Prostitution is a crime in the state of Florida and is governed by Florida Statute 796.07. Under Florida law, prostitution is defined as the giving or receiving of the body for sexual activity for hire, but does not include sexual activity between spouses. Sexual activity is interpreted as oral, anal, or vaginal penetration by, or union with, the sexual organ of another; anal or vaginal penetration of another by any other object; or the handling or fondling of the sexual organ of another for the purpose of masturbation; however, the term does not include acts done for a genuine medical reasons. Generally, a first time prostitution offense is a second degree misdemeanor, punishable by up to 60 days in jail. A second offense is enhanced to a first degree misdemeanor, punishable by up to one year in jail. For a third or more prostitution offense, the individual can be charged with a third degree felony, which can result in up to five-years in prison, among other sanctions. It’s noteworthy to point out that a person charged with a third or subsequent violation must be admitted to a pre-trial intervention program or a substance abuse treatment program.

E. Solicitation of Prostitution

Solicitation of prostitution is governed by Florida Statute 796.07(2)(f), and is committed when an individual solicits, induces, entices, or procures another to commit prostitution, lewdness, or assignation. Lewdness is interpreted as any indecent or obscene action. Assignation means the making of any appointment or engagement for prostitution or lewdness, or any act in furtherance of such appointment or engagement.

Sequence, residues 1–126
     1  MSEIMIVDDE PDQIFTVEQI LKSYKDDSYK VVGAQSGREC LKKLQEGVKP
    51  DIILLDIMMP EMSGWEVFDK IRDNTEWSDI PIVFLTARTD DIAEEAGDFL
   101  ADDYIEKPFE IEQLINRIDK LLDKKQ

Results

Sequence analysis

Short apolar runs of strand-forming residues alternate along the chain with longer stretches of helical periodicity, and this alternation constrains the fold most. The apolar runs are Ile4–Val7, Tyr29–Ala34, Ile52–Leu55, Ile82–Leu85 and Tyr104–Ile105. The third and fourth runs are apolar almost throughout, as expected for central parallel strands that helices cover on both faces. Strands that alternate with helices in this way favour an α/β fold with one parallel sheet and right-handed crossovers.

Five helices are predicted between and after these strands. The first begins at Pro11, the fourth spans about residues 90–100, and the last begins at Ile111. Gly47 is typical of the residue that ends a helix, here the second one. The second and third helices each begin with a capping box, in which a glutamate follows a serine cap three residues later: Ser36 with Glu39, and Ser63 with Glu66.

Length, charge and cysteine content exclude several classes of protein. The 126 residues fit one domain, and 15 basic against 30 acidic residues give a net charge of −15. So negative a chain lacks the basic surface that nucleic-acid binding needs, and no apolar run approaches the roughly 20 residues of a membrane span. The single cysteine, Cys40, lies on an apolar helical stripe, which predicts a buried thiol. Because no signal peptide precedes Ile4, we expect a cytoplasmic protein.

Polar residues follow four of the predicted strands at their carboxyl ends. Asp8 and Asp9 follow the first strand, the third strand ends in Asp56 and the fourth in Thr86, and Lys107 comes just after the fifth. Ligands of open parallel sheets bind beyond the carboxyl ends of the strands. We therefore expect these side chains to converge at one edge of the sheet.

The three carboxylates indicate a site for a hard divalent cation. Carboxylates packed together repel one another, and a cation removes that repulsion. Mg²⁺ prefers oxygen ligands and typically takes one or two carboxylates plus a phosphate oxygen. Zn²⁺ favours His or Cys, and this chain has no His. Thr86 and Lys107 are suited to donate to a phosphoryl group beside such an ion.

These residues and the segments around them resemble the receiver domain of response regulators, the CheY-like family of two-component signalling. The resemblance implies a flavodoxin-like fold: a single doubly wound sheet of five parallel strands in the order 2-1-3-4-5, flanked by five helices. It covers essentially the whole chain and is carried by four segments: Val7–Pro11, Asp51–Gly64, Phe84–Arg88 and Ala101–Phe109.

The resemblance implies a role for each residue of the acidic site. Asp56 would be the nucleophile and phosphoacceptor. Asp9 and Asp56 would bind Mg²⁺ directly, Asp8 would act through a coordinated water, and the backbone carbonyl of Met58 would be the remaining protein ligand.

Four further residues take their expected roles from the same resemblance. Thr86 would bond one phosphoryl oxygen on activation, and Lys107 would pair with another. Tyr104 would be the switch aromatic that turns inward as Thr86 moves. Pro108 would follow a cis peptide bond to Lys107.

A first offense of solicitation of prostitution is considered a first degree misdemeanor, punishable by up to one year in jail, one year of supervised probation, and up to a $1,000 fine. The crime is enhanced to a third degree felony for a second offense. Therefore, for a second violation, the Court may impose any combination of the following: up to five years in prison, five years of probation, and a $5,000 fine. Note: a person convicted of a second offense must—at the very least—be sentenced to 10 days in jail. It should also be noted that if a vehicle was used in the course of the violation, the Court may order the Defendant’s vehicle to be impounded or immobilized for up to 60 days. If the offender commits a third or subsequent violation, the crime is enhanced to a second degree felony, punishable by up to 15 years in prison, 15 years of probation, and a $10,000 fine. The Court may also impose a vehicle impound or immobilization for up to 60 days. Additionally, there is a mandatory minimum 10 day jail sentence that the Court must order.

In addition to other penalties, the Court must order a person convicted of solicitation of prostitution to complete 100 community service hours and pay for and attend an educational program about the negative effects of prostitution and human trafficking, such as a sexual violence prevention educational program, including such programs offered by faith-based provides—if such programs exist in the judicial circuit in which the offender is sentenced. Further, the Defendant must undergo screening for sexually transmissible diseases and pay a $5,000 civil fine.

What are the advantages of doing a pre-file investigation on a sex case?

If you are accused of any sex offense, it is highly encouraged that you seek the services of an attorney immediately, so they can perform a pre-file investigation on your case. The beginning stages of a person’s case are especially crucial because this allows the attorney on the case to get in contact with the prosecution and influence their decision on filing formal charges—also known as the information. The attorney may be able to present favorable evidence to the prosecutor, including information from favorable witnesses, as well as highlight issues that might exist with the State’s case. The filing decision is a crucial part of a person’s case, and sometimes, if presented the right away, the prosecutor may elect to file on something lesser, or not file charges at all.

If you are accused of sexual allegations, we are here to help. Contact the Joshi Law Firm at 407-661-1109 or via e-mail at info@joshi-law.com.